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The Rocky Horror Show – The Alexandra, Birmingham

Book, Music and Lyrics: Richard O’Brien

Director: Christopher Luscombe

Reviewer: Gemma Fincher

Still packing out theatres in its 46th year, the iconic cult classic musical, The Rocky Horror Show is back in Birmingham with an all-star cast. Initially written as a stage play in 1973 by Richard O’Brien, The Rocky Horror Picture Show was produced largely as a parody of the science fiction/B horror movies of the era.  The film became known as a ‘midnight movie’ where audiences would engage with the film, shouting back at the screen and attending showings dressed as the characters – a trend now synonymous with the stage productions of the show.

Rocky Horror is one of the few stage shows where audience participation, heckling and props are not only commonplace but actively encouraged and expected. Whilst the standard and performance of the cast are important, Rocky Horror’s success is as much about the audience as it is about what is unfolding on stage.

The plot centres around the newly engaged, all-American couple Brad and Janet who decide to embark on a road trip to visit their former college professor. Sometime during their journey, they suffer a flat tyre, forcing them to seek assistance at a nearby castle where they encounter the ‘sweet transvestite’ scientist Doctor Frank N Furter. Arriving during a significant moment for Frank, Brad and Janet are set for a night they will never forget, played out against a backdrop of a toe-tapping soundtrack, an innuendo-laden script and outrageously risqué costumes.

2016 Strictly Come Dancing champion, turned theatre powerhouse Joanne Clifton (Thoroughly Modern Millie, Footloose) takes up the role as the sugar-sweet Janet Weiss. We all know she can dance, but goodness she is a true triple threat. With vocals to die for Clifton brings a new dimension to Janet, well and truly making the role her own. There aren’t many opportunities for her to stretch her vocal cords, but when she does, she does so with abundance. Her rendition of Janet’s famous solo number Touch-a, Touch-a, Touch-a, Touch Me is assured and further enhanced by some fabulous comic timing where she plays off Callum Evans’s buff and athletic Rocky.

90’s heartthrob Ben Adams genuinely looks as if he was born to play the role of the geeky Brad Majors.  Adams embodies the character of Brad beautifully and delivers a stunning solo performance of Once in a While. His chemistry with Clifton is believable and they complement each other in droves.

The role of The Narrator on the tour is being shared by several actors. The larger than life Birmingham native Alison Hammond takes up the role here and is nothing short of a revelation. Entering the stage to rapturous applause she delivers a performance that is as joyous as it is hilarious. Hammond plays off the energetic audience with razor sharp wit and her trademark infectious humour.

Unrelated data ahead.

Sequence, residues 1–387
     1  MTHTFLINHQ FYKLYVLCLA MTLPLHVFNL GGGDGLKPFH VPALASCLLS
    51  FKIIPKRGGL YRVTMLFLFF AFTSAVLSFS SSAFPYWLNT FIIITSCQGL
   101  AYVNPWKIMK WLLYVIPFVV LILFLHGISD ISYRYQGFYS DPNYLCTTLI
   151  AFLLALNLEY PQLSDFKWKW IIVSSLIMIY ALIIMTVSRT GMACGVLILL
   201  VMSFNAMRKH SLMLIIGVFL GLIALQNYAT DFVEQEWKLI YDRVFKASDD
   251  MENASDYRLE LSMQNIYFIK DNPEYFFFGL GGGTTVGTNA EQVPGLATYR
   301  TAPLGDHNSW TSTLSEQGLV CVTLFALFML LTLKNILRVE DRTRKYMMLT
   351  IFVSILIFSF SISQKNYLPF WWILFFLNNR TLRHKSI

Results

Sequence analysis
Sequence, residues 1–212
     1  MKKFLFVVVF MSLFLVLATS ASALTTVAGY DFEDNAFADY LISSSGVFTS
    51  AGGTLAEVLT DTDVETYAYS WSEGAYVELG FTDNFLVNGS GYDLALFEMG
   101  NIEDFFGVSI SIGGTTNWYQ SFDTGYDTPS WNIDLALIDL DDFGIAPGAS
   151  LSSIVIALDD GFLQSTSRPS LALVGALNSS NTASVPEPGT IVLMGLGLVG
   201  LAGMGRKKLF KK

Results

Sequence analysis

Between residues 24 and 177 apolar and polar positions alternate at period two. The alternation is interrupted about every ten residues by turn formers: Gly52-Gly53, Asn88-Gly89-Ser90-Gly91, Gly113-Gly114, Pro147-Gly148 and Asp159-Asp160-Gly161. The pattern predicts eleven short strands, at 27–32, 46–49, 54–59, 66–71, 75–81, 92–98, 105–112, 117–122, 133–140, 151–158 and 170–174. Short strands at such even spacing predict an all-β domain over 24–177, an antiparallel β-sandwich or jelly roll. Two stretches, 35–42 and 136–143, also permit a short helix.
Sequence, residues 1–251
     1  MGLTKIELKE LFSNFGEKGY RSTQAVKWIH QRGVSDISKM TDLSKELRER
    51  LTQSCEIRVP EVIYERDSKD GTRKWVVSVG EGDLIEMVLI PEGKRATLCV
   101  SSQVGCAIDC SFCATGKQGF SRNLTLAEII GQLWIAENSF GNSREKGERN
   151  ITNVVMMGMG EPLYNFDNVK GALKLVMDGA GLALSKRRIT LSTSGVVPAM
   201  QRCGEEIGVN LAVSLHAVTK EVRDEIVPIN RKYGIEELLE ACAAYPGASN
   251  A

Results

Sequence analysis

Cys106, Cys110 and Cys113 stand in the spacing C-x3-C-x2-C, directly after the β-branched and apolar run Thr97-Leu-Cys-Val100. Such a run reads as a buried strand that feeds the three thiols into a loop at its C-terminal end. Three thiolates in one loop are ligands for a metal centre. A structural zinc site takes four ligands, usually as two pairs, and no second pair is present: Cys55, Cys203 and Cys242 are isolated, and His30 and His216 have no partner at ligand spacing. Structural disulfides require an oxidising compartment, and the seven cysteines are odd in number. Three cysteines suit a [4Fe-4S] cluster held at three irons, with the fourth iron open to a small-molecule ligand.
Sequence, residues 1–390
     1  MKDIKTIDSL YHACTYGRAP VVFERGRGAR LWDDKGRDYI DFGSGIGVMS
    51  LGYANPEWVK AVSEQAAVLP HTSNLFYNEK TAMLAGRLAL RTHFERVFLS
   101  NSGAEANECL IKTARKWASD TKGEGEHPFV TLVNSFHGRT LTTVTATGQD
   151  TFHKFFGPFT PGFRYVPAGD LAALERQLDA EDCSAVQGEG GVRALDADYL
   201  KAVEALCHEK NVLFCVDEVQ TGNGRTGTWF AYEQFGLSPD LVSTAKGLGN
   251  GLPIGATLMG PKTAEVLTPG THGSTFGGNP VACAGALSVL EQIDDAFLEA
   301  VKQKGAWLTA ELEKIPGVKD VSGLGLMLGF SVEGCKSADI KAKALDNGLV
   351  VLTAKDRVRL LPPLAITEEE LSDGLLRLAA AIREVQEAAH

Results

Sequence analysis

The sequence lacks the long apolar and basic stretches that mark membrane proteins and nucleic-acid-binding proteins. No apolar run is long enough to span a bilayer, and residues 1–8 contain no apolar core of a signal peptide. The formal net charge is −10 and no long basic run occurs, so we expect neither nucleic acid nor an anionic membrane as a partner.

Kristian Lavercombe has reprised his role as Riff Raff for the tour having chalked up over 1400 performances in the musical joining it on tour in Asia, Australia and New Zealand. It is easy to see why he has been so successful in his portrayal – his performance is as amusing as it is creepy and he provides arguably the most comedic interludes in the show with his nuanced looks and movement. The iconic Timewarp is where he truly comes into his own, complemented beautifully by Laura Harrison as Magenta.

Blue’s Duncan James steps into Frank N Furter’s Basque and platform heels. James has an incredible stage presence and an astonishing vocal range which combined with his enviable physique whips the audience into a complete frenzy. His entrance receives one of the loudest receptions of the night and he belts out Frank’s signature tune Sweet Transvestite with authority and class.He brings unusual masculinity to the flamboyant, camp and at times effeminate Frank, but without diluting any of those iconic characteristics.

With audience participation such a key ingredient, it was thrilling to see the theatre full. As a result, the performances were exuberant, the energy levels off the charts and the heckling first class. After 46 years, Rocky Horror has never been more popular, and if tonight is anything to go by, that popularity won’t be waning any time soon. Rocky Horror is a riotous, vibrant and effervescent night out that is not to be missed.

Runs Until 25 May 2019 and on tour  | Image: Contributed

Book, Music and Lyrics: Richard O’Brien Director: Christopher Luscombe Reviewer: Gemma Fincher Still packing out theatres in its 46th year, the iconic cult classic musical, The Rocky Horror Show is back in Birmingham with an all-star cast. Initially written as a stage play in 1973 by Richard O’Brien, The Rocky Horror Picture Show was produced largely as a parody of the science fiction/B horror movies of the era.  The film became known as a ‘midnight movie’ where audiences would engage with the film, shouting back at the screen and attending showings dressed as the characters – a trend now synonymous with the stage productions of…

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shivers with antici…….pation

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The Central team is under the editorship of Selwyn Knight. The Reviews Hub was set up in 2007. Our mission is to provide the most in-depth, nationwide arts coverage online.

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